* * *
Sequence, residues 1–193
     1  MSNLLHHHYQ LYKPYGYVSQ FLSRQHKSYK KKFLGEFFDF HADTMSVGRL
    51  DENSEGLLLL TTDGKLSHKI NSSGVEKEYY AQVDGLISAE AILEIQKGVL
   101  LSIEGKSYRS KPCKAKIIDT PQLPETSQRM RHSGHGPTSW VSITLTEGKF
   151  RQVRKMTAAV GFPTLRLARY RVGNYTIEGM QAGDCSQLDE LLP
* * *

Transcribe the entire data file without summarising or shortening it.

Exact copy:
Sequence, residues 1–193
     1  MSNLLHHHYQ LYKPYGYVSQ FLSRQHKSYK KKFLGEFFDF HADTMSVGRL
    51  DENSEGLLLL TTDGKLSHKI NSSGVEKEYY AQVDGLISAE AILEIQKGVL
   101  LSIEGKSYRS KPCKAKIIDT PQLPETSQRM RHSGHGPTSW VSITLTEGKF
   151  RQVRKMTAAV GFPTLRLARY RVGNYTIEGM QAGDCSQLDE LLP